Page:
Thank you for the recent article in FYI Music News about the impact of the low Canadian dollar. We appreciate you bringing awareness to this important issue and for the opportunity to respond.
While Canadians are poised to enjoy a great summer of music from some very big names as concerts and festivals are being announced, this flurry of activity shouldn’t be seen as an indication that all is well in live music as the dollar continues its precipitous slide.
Many of the tours cited in the article took months to plan and execute, with offers being submitted when far more reasonable exchange rates prevailed. Now, as the US dollar races towards $1.50 in Canadian funds, something has to give if Canadian promoters’ offers are going to compete with a newly buoyant US concert economy. The question inside promoters’ offices has now become – how much higher can ticket prices climb? With prices already causing sticker shock, the solution to the exchange rate problem is unlikely to be found in fans’ wallets.
Unless there is some relief for the exchange rate, the concert industry in Canada is going to experience some severe cooling and that’s very bad news for everyone involved. With the economic impact of live music proving to be even greater than previously imagined ($1.2B in Ontario alone according to a recently released study), there are jobs on the line. Without any means of countering the currency crisis it becomes increasingly difficult to attract major international talent to drive attendance. The result is that some less resilient festivals could be dealt fatal blows and in many other cases tours simply won’t cross the border. The Guardian in PEI is reporting the cancellation of one Maritime festival and concerns from others. (Concert crisis: Charlottetown concert promoter Mark Fisher says the slumping Canadian dollar is making it challenging to put together a two-day concert at the city's events grounds for the 2016 Canada Day weekend).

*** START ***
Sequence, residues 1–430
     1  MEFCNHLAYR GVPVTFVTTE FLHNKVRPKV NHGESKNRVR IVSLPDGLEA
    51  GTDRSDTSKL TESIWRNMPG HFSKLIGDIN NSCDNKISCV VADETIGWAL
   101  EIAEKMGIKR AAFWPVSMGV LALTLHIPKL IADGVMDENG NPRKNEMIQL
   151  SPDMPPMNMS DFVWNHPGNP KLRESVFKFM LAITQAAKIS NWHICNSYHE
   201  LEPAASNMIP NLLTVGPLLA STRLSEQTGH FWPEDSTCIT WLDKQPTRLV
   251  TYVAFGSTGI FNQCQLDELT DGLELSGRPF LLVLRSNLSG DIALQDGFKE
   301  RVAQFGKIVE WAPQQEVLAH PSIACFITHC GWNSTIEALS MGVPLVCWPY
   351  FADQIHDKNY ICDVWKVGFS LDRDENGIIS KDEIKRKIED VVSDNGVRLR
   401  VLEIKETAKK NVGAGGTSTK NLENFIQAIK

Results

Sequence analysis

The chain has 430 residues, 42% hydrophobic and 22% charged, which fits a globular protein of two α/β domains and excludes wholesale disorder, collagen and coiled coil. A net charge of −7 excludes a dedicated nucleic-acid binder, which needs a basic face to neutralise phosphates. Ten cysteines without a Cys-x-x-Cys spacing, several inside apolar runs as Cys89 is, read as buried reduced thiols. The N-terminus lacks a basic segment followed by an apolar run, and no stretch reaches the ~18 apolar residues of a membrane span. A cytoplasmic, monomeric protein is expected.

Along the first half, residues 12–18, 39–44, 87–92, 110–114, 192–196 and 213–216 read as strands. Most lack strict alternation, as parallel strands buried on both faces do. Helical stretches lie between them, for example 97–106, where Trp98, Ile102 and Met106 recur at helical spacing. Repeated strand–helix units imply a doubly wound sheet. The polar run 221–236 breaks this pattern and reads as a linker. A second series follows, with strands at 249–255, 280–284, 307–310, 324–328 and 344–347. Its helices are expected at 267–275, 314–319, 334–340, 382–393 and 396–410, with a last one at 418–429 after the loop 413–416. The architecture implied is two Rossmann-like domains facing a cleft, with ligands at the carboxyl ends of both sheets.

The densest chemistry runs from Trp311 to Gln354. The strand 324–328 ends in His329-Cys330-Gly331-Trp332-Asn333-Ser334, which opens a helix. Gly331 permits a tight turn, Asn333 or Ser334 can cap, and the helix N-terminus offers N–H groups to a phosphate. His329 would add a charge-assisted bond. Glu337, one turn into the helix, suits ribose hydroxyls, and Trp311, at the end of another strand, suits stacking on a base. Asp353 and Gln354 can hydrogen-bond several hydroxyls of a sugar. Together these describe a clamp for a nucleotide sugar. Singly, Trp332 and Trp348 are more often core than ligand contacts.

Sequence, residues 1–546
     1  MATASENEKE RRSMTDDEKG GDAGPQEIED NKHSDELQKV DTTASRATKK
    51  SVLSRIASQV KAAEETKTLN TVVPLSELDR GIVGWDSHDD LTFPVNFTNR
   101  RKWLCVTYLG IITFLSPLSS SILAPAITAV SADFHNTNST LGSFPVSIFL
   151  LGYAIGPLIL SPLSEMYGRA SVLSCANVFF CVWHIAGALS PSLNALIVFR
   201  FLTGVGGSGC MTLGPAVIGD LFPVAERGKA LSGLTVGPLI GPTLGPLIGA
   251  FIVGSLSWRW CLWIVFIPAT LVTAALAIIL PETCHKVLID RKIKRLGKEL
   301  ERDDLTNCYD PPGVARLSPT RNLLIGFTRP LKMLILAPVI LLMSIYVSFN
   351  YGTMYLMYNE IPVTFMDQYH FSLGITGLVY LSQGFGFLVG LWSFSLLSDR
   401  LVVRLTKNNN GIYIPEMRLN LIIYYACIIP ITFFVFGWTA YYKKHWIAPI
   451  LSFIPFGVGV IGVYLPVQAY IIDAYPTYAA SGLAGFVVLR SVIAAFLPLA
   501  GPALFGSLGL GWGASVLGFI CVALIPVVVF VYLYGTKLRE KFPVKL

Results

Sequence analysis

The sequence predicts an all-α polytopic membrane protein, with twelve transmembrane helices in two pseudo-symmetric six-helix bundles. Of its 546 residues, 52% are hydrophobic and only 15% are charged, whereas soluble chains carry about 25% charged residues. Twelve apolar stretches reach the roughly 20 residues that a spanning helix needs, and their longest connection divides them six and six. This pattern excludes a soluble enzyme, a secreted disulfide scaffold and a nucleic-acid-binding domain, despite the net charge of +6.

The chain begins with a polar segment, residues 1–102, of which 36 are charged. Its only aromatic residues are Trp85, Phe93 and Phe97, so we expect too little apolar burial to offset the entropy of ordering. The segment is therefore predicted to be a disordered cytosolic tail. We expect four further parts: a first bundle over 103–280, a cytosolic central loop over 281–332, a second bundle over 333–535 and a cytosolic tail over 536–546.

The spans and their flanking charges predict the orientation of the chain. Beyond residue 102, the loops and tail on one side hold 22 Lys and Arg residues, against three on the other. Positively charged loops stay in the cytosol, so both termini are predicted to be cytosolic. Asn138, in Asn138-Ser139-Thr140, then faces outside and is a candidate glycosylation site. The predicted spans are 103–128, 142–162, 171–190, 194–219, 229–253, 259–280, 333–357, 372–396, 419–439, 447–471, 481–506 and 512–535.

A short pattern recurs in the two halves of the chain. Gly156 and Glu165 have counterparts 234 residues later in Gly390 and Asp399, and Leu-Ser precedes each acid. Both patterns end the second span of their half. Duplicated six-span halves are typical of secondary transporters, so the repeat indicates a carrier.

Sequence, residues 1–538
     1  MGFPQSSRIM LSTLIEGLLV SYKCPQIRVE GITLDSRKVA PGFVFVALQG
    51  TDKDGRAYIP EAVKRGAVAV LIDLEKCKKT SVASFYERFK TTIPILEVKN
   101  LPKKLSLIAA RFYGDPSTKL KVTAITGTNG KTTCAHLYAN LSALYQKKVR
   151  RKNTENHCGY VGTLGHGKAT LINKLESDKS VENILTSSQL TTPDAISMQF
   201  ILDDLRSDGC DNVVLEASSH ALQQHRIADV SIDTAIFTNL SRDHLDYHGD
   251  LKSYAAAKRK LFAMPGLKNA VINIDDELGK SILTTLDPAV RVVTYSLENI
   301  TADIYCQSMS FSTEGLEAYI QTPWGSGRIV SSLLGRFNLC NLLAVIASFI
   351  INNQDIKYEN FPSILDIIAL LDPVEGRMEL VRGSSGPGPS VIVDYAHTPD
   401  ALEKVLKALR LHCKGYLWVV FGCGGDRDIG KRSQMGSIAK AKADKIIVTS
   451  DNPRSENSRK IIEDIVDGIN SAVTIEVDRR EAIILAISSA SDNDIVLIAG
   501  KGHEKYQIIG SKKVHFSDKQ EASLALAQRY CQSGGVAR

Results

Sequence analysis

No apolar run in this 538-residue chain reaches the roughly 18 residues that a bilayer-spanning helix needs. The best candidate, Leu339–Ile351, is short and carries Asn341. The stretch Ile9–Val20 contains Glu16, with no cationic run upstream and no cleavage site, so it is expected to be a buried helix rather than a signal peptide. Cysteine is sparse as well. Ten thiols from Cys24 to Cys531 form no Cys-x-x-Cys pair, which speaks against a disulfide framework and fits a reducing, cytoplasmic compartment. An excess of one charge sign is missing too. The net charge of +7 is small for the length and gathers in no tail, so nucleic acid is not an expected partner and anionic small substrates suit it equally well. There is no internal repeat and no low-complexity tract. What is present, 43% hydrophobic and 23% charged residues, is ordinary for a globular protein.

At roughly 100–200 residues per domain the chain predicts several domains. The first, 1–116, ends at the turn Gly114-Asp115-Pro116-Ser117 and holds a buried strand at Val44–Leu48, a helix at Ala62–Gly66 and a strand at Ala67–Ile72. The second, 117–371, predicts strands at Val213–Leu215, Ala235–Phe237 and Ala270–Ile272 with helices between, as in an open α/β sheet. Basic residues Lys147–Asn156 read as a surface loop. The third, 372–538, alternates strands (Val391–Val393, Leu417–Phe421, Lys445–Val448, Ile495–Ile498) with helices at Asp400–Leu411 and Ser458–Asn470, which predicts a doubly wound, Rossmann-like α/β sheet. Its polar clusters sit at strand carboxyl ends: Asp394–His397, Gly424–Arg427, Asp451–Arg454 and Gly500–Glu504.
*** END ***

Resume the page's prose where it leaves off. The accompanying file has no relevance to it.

When Canadian promoters and presenters are feeling the financial pinch domestic artists can be negatively impacted too: while some may enjoy a better slot on the festival billing, others will lose out on support slots that never materialize or be the casualty of reduced talent budgets. What’s needed in order to protect the sector and our community is government partnership to support the ongoing growth and health of the live music sector so that we can weather this storm and Canada can continue to harness the economic, cultural and social benefits of live music.
Music Canada Live is currently analyzing the options - we have requested a meeting with the Ministers of Heritage and are in the process of requesting one from the Minister of Int'l Trade as well to discuss the challenges facing the industry and how we might work with the government to address them. We are also working with our membership as a whole to understand individual immediate and longer-term impacts.
Executive Director, Music Canada Live